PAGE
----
OKLAHOMA! Rogers and Hammerstein
Birmingham Hippodrome: 30.06 – 04.07, and touring
Runs: 2h 45m, one interval
Review: Alexander Ray Edser, 01 07 15
Great classic musical, greatly performed.
All the stops are pulled out for this lavish and totally engaging OKLAHOMA! It’s classic fare, and, free from showy effects, it has a welcome simplicity. The sets are effective, but the focus is on the singing and the songs.
The musical itself, the first penned by the, now legendary, Rogers and Hammerstein, was remarkable in its time for its low key opening. An old woman hangs out washing, all is hushed . . . then, in the distance, a lone voice sings the opening lines of OH WHAT A BEAUTIFUL MORNING. It’s surprising yet neatly sets the tone for the whole show. As musical number follows musical number, you cannot but be stunned by the ease with which dialogue leads to song leads to dialogue – it seems the most natural thing in the world.
And for the singers . . . There is not a weak link in the company.
Ashley Day (Curly) sets the standard high with his opening and never falters. His voice is clear, easeful, has a luminescent quality that requires you to listen. Charlotte Wakefield (Laurey) has a voice that convinces us of her vivacious innocence. They duet perfectly.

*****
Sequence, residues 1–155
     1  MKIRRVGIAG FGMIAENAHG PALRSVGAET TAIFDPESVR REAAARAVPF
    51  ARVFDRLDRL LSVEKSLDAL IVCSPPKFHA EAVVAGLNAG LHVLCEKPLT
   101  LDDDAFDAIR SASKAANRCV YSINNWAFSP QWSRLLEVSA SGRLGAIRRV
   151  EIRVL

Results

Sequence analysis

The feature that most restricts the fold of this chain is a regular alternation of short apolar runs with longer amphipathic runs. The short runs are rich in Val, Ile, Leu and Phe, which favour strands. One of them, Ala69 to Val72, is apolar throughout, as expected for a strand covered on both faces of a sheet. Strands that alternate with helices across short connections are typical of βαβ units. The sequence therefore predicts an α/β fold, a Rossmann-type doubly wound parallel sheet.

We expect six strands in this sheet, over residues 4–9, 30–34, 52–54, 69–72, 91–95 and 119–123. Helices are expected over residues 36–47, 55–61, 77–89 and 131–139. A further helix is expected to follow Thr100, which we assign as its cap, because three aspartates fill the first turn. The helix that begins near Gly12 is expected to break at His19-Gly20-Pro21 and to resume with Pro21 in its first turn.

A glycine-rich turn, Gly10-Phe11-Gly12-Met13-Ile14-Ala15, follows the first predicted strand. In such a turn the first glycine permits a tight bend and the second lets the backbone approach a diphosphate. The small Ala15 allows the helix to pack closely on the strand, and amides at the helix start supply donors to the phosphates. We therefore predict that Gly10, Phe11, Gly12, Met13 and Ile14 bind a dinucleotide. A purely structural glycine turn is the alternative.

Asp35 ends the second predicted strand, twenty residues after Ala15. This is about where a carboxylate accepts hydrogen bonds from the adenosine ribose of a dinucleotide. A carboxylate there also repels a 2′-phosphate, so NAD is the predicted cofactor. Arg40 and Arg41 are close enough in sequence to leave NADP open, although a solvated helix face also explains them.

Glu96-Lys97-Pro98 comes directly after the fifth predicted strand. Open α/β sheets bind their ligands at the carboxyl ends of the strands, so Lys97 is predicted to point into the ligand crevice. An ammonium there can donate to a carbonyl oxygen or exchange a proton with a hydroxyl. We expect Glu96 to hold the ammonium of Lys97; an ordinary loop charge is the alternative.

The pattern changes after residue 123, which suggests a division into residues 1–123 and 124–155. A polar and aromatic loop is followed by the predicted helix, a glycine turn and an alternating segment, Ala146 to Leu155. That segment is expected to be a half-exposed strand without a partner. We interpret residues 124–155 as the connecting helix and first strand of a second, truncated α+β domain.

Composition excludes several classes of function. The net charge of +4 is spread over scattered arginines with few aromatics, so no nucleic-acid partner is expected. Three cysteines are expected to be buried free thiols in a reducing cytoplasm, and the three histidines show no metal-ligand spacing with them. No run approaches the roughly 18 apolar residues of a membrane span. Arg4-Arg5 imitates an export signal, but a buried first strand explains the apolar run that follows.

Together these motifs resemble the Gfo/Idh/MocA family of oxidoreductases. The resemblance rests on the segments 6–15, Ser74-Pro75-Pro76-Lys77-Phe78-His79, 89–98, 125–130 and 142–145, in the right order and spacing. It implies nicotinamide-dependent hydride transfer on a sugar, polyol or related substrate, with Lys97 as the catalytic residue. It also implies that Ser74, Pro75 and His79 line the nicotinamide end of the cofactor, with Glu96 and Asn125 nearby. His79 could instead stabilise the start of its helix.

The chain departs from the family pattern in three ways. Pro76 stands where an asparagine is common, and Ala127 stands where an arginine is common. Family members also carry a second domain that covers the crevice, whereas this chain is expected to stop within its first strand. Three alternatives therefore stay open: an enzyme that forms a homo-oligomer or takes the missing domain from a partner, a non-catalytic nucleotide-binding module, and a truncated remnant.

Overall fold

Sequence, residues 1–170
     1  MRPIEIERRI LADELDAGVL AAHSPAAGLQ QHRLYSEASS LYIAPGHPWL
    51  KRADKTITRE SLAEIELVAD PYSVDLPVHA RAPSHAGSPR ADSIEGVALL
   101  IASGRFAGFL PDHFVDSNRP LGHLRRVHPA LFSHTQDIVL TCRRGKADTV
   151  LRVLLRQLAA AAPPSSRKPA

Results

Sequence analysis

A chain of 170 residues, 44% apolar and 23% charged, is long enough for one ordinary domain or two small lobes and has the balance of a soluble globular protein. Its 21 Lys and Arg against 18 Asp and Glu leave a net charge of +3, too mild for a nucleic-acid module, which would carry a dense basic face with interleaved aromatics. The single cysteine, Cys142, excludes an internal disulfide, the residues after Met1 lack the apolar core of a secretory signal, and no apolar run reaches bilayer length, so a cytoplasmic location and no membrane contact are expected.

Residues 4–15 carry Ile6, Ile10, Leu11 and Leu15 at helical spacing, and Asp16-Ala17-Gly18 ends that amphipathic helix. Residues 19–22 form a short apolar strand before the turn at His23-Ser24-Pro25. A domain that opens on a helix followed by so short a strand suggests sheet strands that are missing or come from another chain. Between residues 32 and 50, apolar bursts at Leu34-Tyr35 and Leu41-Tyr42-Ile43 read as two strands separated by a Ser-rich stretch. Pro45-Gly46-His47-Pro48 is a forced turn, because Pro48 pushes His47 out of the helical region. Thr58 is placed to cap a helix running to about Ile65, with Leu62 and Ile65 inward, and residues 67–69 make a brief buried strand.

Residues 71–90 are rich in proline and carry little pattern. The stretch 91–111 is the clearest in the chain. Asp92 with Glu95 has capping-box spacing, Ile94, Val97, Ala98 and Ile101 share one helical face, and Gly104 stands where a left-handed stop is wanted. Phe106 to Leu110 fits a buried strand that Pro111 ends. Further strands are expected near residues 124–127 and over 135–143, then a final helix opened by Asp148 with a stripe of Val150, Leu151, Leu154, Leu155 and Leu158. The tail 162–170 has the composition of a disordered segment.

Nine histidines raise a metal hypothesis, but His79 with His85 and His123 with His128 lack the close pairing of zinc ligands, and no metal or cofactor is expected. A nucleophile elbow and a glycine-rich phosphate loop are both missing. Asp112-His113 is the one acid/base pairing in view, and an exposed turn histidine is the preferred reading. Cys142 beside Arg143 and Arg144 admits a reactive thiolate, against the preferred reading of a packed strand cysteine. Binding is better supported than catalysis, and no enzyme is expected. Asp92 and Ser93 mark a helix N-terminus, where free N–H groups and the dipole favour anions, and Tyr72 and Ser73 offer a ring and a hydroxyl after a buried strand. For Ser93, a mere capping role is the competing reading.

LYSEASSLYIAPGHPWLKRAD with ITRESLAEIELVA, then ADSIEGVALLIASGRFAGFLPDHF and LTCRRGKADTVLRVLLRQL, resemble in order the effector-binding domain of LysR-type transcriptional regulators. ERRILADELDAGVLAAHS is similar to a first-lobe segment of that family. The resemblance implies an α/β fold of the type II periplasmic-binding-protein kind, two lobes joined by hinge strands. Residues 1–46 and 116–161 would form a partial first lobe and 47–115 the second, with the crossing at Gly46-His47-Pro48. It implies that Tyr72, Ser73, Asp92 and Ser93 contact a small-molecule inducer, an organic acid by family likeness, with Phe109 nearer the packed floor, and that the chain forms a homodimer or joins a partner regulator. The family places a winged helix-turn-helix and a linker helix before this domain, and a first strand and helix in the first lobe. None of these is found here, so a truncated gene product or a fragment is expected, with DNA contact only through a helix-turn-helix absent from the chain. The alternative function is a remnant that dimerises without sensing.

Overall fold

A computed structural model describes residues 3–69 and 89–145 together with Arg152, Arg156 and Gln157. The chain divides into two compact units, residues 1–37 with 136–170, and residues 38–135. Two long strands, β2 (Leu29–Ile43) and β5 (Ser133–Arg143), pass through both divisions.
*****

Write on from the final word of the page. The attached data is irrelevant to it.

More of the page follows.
Belinda Lang plays Aunt Eller with great character and would stop the show if it hadn’t just started for Part II with THE FARMER AND THE COWMAN. She leads with infectious vigour heading up the company in this excellently staged act two opener. Lucy May Barker never misses a comedic beat as Ado Annie, giving full value to the terrific I CAN’T SAY NO. It’s also a delight to see Gary Wilmot as Ali Hakim.
Nic Greenshields creates all the darkness we require in Jud; the all important (if a trifle melodramatic – the character not the performance) counterbalance to all the jollity.
Rachel Kavanaugh directs and ensures a good rhythm and strong believable characterisation, though, I’m not certain quite so much greyness is totally fitting. Drew McOnie’s choreography brings together a range of styles into a satisfying and thoroughly enjoyable whole.
Aunt Eller: Belinda Lang
Curly: Ashley Day
Laurey: Charlotte Wakefield
Ike Skidmore: Barnaby Thompson
Fred: Robbie Boyle
Slim: Simon Anthony
Will Parker: James O’Connell
Jud Fry: Nic Greenshields
Ado Annie Cornes: Lucy May Barker
Ali Hakim: Gary Wilmot
Gertie Cummings: Kara Lane
Ellen: Hannah Grace
Kate: Emilie Du Sleslay
Vivian: Christina Bennington
ArminoK Katie Marie-Carter
Mike: Ian Gareth Jones
Andrew Cornes: Paul Grunert
Cord Elam: Christopher D Hunt
Virginia: Gabriella Stylianou
Aggie: Sasi Strallen
Jog: Perry O’Dea
Swing: Lisa Bent
Swing: Ross Lee Fowkes
Director: Rachel Kavanaugh
Choreographer: Drew McOnie
Musical Supervisor:: Stephen Bidley
Set and Costume Designer: Francis O’Connor
Lighting Designer: Tim Mitchell
Sound Designer: Ben Harrison
Orchestrator: Steven Edis
Assistant Director: David Sibery
Musical Director: Ben Atkinson
Casting Director: James Orange